But Russia's price decontrol did not work as smoothly as in Poland. While food did get to the cities (a major victory), inflation continued to soar. Divided politics kept the budget deficit high. Other post-Soviet states such as Ukraine continued to issue ruble credits, undermining Russia's attempt to end inflation. (It wasn't until mid-1992 that the various new states effectively separated their currencies.) And the Russian central bank, led by Communist-era apparatchik Viktor Gerashchenko, undermined Gaidar's anti-inflation strategy by relentlessly printing money. This cost Gaidar precious public support and definitely contributed to his ouster as prime minister by the Supreme Soviet at the end of 1992. Gaidar writes that his support for Gerashchenko's appointment in 1992 was perhaps his biggest blunder that year.

These may seem like ancient battles, but in revolutions early events can have fateful consequences. Thus, Gaidar's ouster led to the return to power of Communist-era apparatchiks such as Prime Minister Chernomyrdin, who presided over a period of stunning corruption (while being showered with U.S. affection in the Gore-Chernomyrdin get-togethers). The Russian public came to view reform as the combination of inflation and corruption. In this, as in many other things, the reformers who fought hardest against these outcomes took much of the blame.

There is a critical episode of Russian reform history on which Gaidar is disappointingly silent. Long after his second departure from power, after the fateful battles on inflation and voucher privatization, came the corrupted privatization of oil and gas enterprises, under the rubric of a bizarre "shares for loans" scheme. In essence, tens of billions of dollars worth of natural resource deposits were turned over to Yeltsin insiders, doing much to create the corrupt "oligarchy" that has so poisoned Russia's politics in the past few years. The true story of these grotesque financial manipulations is still not known. Reform leaders such as Anatoly Chubais presumably played a role, but that role is obscure and debated. Given the scale of abuse, the Russian public (and the world public for that matter) deserves an explanation.

Since this important book was first published in Russian for a Russian audience, it gives us a realistic glimpse into the internal Russian debate, not written for a Western audience. The role of the West in these events can therefore be more accurately sized up in this book, rather than it can in stump speeches given by Russians to Western audiences. The result is rather stunning. The West plays almost no role whatsoever in these pages.

In the few places that the West is mentioned, the reading is sobering, even distressing. As I myself witnessed, Gaidar's first encounters with the Bush administration came in the form of tough U.S. warnings that Russia should continue to pay its debts at all costs (specifically, that a default would be met by a stoppage of vital food aid). The result was a contribution to Russia's financial destabilization at the critical period of early 1992. The IMF is written off as a thoroughly miscast institution, not appropriate for the tasks for which it was assigned by the West. It is specifically charged with having delayed stabilization in the vital months of 1992 by its mistaken advice to the post-Soviet states to delay the introduction of national currencies. In short, the West did almost nothing to affect the outcomes for democracy and market reforms in Russia, despite all the high-minded rhetoric to the contrary. If anything, the early inaction (on aid, on monetary reform, on debt rescheduling) made things worse. The subsequent blind eye to corruption merely added to the deep skepticism of the Russian people that the U.S. and Europe actually cared about their welfare.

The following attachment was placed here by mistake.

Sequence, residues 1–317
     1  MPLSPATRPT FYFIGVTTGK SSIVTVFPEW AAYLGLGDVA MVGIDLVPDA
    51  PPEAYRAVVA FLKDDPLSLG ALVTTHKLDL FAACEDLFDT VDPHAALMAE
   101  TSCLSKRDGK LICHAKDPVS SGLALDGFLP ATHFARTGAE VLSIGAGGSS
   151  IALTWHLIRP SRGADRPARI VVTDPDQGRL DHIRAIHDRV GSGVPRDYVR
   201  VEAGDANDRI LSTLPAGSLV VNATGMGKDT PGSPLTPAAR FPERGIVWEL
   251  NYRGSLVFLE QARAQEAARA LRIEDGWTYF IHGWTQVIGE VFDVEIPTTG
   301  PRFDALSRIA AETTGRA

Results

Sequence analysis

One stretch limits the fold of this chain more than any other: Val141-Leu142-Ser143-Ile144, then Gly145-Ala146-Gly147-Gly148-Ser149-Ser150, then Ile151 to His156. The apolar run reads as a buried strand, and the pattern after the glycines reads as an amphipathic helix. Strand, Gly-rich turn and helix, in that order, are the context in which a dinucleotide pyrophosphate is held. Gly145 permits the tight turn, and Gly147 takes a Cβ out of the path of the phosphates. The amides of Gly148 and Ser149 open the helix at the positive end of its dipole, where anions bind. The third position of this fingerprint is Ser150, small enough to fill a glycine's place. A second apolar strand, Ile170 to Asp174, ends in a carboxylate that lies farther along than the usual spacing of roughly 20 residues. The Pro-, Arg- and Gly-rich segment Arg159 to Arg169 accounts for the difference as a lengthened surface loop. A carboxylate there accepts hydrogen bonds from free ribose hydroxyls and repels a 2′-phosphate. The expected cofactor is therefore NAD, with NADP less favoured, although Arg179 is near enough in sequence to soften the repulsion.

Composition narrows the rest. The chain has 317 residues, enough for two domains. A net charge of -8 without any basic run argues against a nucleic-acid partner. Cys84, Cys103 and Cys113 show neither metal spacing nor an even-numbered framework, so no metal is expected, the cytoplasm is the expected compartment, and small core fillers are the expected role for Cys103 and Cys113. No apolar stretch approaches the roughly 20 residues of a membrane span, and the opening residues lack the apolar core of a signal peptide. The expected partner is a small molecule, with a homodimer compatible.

Advisors such as myself don't even get a bit role. This, I've always tried to explain, is how I actually felt when in Moscow. After helping to devise and introduce Poland's reforms during 1989-91, and after conveying their significance to Russian colleagues such as Gaidar in late 1991, my actual influence on events was essentially zero. This was certainly true inside Russia, but also in the U.S., where both the U.S. government and the IMF simply rejected my criticisms of their inaction (to provide vital aid and debt relief) and policy recommendations (such as to maintain the Soviet-era ruble as a shared currency).

Many of the key American advisors from the period 1991-96 are still in positions of enormous influence. Many of the Bush Administration advisors who did so little in the first year of Russia's reforms are key advisors of George W. Bush. And of course, much of the Clinton team remains in place. They would learn a great deal from this book. I earnestly hope that they have a careful look in preparation for more fruitful relations between Russian reformers and the U.S. in the coming years, when both Russia and the United States will have new presidential leadership.

Jeffrey D. Sachs is the Director of the Center for International Development at Harvard University. He advised the Russian Government from December 1991 until his resignation in January 1994.